13th Sep 2017
2017 Cape Classification
This is my fifth attempt to classify the Cape's best producers, an annual exercise that has stimulated considerable debate in South Africa. This is very loosely based on the 1855 Bordeaux Classification, although quality rather than price is the sole criterion I use. There are six different bands: first, second, third, fourth and fifth growths, consisting of 20 wines each, and a larger group of 100 crus bourgeois. I’ve increased the number of wines included from 150 to 200 in 2017.
My 2017 classification is a snapshot of the Cape wine industry. Mindful that a critic should attempt to reward talent, irrespective of a long track record in some cases, I have chosen my favourite producers, rather than parroted the opinions of others. Track records can be overrated in my view. Some of my classified producers have only made a few vintages – Alheit, Beeslaar, Blackwater, David & Nadia, Lismore, Patatsfontein, Storm and Thorne & Daughters, for example – but I think that’s irrelevant. I think these wineries will help to define the Cape wine industry over the next quarter of a century.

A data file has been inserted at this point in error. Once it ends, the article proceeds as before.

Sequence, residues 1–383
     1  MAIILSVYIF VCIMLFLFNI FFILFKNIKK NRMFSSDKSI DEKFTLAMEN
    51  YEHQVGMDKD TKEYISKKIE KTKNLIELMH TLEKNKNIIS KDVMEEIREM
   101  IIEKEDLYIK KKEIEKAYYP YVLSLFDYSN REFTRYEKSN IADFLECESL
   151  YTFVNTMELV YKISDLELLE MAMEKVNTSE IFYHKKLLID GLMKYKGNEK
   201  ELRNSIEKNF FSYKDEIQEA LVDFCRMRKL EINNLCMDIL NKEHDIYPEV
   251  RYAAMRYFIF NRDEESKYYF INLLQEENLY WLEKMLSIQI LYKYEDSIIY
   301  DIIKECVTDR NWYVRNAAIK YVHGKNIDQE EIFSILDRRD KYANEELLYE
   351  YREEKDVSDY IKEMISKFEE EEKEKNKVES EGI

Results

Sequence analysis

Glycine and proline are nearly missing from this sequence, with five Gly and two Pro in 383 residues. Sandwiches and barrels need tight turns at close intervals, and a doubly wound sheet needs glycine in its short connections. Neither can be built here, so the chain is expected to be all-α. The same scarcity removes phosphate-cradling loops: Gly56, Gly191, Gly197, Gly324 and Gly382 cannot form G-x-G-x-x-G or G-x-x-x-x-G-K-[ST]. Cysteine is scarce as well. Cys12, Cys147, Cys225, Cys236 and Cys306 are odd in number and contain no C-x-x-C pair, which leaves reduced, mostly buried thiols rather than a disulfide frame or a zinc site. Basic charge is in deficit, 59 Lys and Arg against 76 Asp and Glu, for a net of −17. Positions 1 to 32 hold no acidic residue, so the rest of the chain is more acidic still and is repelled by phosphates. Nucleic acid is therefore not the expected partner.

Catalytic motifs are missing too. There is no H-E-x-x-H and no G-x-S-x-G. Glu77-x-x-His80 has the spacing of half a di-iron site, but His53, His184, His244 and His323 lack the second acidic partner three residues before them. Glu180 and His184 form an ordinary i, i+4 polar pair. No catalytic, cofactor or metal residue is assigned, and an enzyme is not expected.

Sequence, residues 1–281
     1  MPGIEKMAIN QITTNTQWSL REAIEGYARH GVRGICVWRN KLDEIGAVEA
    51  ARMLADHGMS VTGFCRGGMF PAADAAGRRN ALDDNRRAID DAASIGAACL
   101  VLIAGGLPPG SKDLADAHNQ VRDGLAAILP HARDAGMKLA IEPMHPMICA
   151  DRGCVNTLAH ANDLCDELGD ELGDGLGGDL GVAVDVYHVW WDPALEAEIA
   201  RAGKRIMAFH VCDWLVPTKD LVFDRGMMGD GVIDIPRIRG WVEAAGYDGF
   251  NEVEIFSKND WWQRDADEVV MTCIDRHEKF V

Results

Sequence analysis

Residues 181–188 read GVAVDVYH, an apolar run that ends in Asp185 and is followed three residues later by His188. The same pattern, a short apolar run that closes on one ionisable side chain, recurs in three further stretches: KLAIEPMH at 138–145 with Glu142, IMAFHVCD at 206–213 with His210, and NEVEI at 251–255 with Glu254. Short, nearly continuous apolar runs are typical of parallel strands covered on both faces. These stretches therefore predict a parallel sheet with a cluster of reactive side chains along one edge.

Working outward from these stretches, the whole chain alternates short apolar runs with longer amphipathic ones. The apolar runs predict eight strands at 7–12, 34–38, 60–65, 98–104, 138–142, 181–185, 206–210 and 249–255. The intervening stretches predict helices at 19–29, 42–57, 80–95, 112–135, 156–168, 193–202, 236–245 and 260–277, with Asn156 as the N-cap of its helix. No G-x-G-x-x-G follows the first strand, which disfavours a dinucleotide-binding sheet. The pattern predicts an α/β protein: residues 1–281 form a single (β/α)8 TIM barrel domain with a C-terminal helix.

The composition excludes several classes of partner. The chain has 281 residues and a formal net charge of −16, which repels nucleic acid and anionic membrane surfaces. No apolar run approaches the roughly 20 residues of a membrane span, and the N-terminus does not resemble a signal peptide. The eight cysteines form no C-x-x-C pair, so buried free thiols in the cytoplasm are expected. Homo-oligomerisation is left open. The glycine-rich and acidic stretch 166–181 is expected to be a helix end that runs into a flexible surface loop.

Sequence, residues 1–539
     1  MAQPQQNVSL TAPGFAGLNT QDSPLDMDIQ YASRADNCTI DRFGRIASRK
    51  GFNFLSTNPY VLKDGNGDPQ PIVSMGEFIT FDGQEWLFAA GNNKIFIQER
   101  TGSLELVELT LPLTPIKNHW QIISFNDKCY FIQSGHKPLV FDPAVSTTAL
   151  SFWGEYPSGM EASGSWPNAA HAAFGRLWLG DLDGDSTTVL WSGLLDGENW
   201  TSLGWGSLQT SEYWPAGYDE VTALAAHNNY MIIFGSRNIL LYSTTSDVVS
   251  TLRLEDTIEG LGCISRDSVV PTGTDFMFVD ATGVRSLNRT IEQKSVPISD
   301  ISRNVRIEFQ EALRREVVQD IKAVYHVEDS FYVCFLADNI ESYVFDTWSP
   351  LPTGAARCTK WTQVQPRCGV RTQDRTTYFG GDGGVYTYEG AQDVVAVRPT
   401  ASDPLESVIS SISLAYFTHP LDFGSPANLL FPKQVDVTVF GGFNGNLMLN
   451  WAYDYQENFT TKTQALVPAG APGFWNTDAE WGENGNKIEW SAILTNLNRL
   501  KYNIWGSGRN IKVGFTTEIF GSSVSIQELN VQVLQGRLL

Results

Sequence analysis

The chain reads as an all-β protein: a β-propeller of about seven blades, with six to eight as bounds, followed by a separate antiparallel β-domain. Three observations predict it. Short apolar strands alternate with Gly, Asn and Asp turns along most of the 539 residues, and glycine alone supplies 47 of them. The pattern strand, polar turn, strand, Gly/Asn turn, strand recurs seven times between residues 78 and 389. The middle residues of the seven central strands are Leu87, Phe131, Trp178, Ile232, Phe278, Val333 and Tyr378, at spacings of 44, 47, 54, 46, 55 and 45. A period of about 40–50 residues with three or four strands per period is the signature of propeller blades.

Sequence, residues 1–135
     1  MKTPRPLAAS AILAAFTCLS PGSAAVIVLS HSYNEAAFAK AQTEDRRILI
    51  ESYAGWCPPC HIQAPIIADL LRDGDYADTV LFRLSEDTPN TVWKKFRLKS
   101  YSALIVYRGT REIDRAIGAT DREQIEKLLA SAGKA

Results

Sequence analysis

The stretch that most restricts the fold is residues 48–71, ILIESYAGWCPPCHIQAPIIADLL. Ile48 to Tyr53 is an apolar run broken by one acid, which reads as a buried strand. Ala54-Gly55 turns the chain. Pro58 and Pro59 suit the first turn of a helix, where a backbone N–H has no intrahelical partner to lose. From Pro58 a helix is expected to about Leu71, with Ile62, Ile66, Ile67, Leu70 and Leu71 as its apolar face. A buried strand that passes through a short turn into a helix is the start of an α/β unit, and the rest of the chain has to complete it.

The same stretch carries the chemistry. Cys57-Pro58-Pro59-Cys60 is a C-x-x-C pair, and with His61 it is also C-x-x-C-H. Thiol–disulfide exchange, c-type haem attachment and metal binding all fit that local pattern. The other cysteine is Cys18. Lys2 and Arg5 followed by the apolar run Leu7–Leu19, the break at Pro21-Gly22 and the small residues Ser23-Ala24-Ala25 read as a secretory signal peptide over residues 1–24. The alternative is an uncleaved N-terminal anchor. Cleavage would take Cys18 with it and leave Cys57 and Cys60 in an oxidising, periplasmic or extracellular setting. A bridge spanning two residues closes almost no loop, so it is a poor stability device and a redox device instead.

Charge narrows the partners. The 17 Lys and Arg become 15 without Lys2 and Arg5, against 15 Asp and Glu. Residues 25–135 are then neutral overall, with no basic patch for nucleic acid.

As ever, there are significant changes, not least my decision to expand each growth to 20 wines. This has enabled me to include 30 new wineries in the classification, which either didn’t feature at all last year (Constantia Uitsig, De Krans, Elemental Bob, 4G, Joubert-Tradauw, Oldenburg and Leeu Passant) or have been promoted from Crus Bourgeois status (Arendsig, Ataraxia, Avant Garde Wines, Beaumont, Boschendal, Bouchard Finlayson, Catherine Marshall, Delheim, Gabriëlskloof, Jordan, Kaapzicht, Le Lude, Lemberg, Le Riche, Opstal, Radford Dale, Rijk’s, Rustenberg, Shannon, Solms-Delta, Spier, Stellenrust and Waterkloof). Le Lude deserves special mention for moving from a Cru Bourgeois to a Second Growth. Of the 100 classified producers, only 41 have the same status as last year, so there has been a considerable degree of movement.
Inevitably, the greatest focus will be on my 20 First Growths, although there is a degree of consensus about the Cape’s finest producers. The biannual Top 20 that the South African journalist Tim James published on Grape in March 2016, based on the views of a panel of local and international wine professionals (including me), has 16 names in common with my list. There are six new names among my top tier in 2017: Beeslaar, Kershaw and Restless River appear for the first time, while AA Badenhorst, Crystallum and Chamonix are returning to the top flight.
TimAtkin_SA2017_CapeCl (pdf, 0.09mb)
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